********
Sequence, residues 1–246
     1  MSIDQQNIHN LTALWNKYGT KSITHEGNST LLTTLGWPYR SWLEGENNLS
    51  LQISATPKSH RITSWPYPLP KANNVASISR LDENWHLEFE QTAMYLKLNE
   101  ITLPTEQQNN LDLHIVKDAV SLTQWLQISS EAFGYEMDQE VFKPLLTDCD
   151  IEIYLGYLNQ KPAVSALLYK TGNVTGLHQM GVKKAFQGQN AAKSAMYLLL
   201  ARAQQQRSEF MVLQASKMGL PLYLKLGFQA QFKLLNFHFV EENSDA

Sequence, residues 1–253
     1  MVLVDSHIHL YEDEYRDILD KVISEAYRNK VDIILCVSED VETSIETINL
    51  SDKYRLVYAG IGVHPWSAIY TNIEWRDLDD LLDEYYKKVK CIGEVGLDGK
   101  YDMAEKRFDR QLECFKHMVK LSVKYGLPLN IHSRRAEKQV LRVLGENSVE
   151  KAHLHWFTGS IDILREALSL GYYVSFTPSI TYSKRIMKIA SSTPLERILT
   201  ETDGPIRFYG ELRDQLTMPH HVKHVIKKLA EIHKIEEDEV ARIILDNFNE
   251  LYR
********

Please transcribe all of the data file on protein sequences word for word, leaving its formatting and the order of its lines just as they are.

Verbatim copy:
Sequence, residues 1–246
     1  MSIDQQNIHN LTALWNKYGT KSITHEGNST LLTTLGWPYR SWLEGENNLS
    51  LQISATPKSH RITSWPYPLP KANNVASISR LDENWHLEFE QTAMYLKLNE
   101  ITLPTEQQNN LDLHIVKDAV SLTQWLQISS EAFGYEMDQE VFKPLLTDCD
   151  IEIYLGYLNQ KPAVSALLYK TGNVTGLHQM GVKKAFQGQN AAKSAMYLLL
   201  ARAQQQRSEF MVLQASKMGL PLYLKLGFQA QFKLLNFHFV EENSDA

Sequence, residues 1–253
     1  MVLVDSHIHL YEDEYRDILD KVISEAYRNK VDIILCVSED VETSIETINL
    51  SDKYRLVYAG IGVHPWSAIY TNIEWRDLDD LLDEYYKKVK CIGEVGLDGK
   101  YDMAEKRFDR QLECFKHMVK LSVKYGLPLN IHSRRAEKQV LRVLGENSVE
   151  KAHLHWFTGS IDILREALSL GYYVSFTPSI TYSKRIMKIA SSTPLERILT
   201  ETDGPIRFYG ELRDQLTMPH HVKHVIKKLA EIHKIEEDEV ARIILDNFNE
   251  LYR